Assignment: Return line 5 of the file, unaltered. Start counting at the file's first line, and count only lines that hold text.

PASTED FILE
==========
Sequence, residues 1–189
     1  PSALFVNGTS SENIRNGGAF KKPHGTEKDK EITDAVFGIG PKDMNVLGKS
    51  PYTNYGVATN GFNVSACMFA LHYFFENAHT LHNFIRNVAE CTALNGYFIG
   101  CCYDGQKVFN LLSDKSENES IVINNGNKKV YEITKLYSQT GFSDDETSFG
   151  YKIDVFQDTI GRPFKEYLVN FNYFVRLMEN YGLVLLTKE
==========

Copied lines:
   151  YKIDVFQDTI GRPFKEYLVN FNYFVRLMEN YGLVLLTKE